Crime Support Department Protecting Communities from Serious

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					                                                                           Agenda
                                                                            Item



                                              Performance and Operations Committee
                                                                   15 October 2009


                          Crime Support Department
                         Protecting Communities from
                          Serious Acquisitive Crime
                                Update Report
                                  Report of the Chief Constable



   PURPOSE
1. To update the Police Authority regarding the Serious Acquisitive Crime Toolkit.


2.   BACKGROUND
     The effectiveness of crime prevention/reduction methods in preventing volume property
     crime has been well reported over the past three decades – and repeatedly confirmed by
     independent academic assessments. West Midlands Police (and its partner agencies)
     possess some of the best evidenced examples of long term; sustainable crime
     prevention/reduction in the United Kingdom, an example of this is The Four Towers at
     Duddeston Manor in Nechells with a 98.7% reduction in domestic burglary now
     maintained for 19 years.

3.   However, Serious Acquisitive Crime has unsurprisingly proven to be far more resilient to
     the traditional approach to crime prevention. Unlike ‘opportunist’ volume property crime,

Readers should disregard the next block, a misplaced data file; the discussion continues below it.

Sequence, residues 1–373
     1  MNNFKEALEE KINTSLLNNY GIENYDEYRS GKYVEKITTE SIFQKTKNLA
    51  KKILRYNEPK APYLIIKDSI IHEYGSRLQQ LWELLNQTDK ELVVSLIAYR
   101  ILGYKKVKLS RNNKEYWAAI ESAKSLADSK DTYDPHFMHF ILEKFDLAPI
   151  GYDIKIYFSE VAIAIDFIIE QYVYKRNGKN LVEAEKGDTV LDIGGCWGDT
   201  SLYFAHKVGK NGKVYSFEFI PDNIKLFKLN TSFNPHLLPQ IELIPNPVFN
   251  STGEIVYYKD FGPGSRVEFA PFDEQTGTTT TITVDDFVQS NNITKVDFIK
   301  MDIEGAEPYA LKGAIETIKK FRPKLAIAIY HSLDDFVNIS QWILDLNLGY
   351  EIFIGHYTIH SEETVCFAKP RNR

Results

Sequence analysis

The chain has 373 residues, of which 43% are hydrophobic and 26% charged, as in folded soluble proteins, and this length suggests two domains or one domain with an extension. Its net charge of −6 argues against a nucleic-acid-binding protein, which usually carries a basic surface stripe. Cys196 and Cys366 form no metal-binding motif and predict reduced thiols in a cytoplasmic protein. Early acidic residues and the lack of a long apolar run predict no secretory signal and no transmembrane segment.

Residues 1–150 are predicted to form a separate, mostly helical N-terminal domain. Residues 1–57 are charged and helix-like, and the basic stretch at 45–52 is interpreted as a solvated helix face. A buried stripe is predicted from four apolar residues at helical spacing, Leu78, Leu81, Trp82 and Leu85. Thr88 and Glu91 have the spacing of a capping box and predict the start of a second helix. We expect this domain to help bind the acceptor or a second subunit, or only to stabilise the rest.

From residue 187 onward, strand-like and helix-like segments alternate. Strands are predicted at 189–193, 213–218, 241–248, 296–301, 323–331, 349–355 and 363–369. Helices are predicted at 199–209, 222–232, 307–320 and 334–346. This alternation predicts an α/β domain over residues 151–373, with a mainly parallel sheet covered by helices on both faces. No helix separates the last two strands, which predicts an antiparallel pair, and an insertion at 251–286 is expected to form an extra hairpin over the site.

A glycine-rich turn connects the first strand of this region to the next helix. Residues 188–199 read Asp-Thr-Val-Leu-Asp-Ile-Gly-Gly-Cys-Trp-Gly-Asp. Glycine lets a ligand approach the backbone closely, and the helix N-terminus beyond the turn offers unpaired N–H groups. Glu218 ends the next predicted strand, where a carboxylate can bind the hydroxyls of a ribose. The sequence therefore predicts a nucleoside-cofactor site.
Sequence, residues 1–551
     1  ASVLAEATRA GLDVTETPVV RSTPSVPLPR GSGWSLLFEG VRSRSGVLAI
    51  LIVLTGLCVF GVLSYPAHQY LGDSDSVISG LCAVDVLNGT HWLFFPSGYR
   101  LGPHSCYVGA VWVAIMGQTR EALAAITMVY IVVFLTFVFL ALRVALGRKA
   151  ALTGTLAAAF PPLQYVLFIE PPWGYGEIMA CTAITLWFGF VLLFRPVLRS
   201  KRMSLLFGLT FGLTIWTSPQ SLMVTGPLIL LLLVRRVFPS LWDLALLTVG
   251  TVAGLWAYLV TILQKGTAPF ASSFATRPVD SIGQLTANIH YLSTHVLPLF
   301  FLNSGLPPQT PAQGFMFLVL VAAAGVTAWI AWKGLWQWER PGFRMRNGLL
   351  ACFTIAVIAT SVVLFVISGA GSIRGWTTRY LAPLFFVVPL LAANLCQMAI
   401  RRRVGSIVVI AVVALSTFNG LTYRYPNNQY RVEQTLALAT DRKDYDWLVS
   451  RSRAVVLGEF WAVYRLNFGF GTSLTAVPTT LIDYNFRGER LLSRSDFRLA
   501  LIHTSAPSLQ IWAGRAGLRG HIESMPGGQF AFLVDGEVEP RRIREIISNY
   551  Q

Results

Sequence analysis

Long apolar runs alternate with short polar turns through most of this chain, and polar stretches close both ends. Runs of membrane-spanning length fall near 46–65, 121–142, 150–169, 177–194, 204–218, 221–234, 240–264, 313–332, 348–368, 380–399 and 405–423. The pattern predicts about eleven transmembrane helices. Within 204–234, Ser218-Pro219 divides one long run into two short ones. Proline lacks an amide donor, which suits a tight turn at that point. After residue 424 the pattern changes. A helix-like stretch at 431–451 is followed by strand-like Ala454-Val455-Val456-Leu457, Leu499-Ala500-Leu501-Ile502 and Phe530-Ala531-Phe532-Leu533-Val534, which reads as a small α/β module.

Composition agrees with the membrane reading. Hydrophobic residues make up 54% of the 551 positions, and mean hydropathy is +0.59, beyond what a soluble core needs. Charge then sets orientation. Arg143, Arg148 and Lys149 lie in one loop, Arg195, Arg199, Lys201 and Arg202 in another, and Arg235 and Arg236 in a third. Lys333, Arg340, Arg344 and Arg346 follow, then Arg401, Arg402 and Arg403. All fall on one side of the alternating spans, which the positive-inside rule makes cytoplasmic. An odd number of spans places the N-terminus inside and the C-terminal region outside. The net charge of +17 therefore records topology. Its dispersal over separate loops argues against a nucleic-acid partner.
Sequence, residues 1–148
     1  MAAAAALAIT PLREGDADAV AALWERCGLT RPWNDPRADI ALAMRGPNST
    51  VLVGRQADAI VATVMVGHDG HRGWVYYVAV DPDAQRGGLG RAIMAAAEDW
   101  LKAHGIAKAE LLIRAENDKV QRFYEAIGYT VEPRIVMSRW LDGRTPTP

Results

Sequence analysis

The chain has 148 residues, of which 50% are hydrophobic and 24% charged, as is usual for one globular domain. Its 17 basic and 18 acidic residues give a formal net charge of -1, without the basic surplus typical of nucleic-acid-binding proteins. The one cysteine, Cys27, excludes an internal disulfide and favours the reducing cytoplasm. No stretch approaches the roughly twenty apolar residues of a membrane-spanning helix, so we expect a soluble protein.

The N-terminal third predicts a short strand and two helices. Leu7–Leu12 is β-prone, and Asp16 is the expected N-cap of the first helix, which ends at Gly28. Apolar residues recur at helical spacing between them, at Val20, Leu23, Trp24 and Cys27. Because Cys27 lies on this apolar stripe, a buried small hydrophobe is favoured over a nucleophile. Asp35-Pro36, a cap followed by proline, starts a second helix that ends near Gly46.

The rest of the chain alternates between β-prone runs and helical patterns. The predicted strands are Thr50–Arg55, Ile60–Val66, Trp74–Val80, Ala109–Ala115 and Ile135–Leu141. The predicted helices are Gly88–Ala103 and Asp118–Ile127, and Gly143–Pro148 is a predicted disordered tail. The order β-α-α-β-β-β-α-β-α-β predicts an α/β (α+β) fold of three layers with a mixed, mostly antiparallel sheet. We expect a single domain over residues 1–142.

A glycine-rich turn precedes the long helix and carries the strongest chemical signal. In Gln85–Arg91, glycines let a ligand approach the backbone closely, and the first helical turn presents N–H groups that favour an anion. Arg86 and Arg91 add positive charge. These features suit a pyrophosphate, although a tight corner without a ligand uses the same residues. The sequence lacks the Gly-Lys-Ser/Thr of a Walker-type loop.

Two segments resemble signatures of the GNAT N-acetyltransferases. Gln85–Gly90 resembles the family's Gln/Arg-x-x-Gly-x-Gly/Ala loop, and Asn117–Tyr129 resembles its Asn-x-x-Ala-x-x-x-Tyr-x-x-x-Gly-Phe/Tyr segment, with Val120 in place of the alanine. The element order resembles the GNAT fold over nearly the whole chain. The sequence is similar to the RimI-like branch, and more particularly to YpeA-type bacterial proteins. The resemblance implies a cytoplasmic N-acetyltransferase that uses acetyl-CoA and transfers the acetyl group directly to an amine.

Serious Acquisitive Crime is most often committed by highly motivated offenders with a
     previous crime history. Indeed, such offenders are often described as Career or
     Professional criminals who often choose to specialise in a particular crime type (once
     again this fact has been repeatedly evidenced by independent academic research).

      The Serious Acquisitive Crime Toolkit
4.    Two academics, Professors Cornish and Clarke have been working in the field of crime
      prevention since 1993. Their crime reduction toolkit now contains 25 techniques based in
      five categories.
     • Increase the effort
     • Increase the risks
     • Reduce the rewards
     • Reduce provocations
     • Remove excuses

5.   A copy of the 25 techniques is presented in Appendix A
     The Toolkit of interventions deliberately concentrates on reducing five different types of
     crime: robbery, burglary, vehicle crime, business crime and student crime. These
     interventions may be specific to one of these crime types, or cross-cutting in their
     application. Similarly, they are not necessarily exclusive to application by West Midlands
     Police and often require partnership working to be truly effective. Most importantly, they
     are not an exhaustive list and Professor Clarke testifies to how they will evolve and
     expand in number over time. Latest crime trends, modus operandi, intelligence and good
     practice will influence this evolution. As a result, the Serious Acquisitive Crime Toolkit is a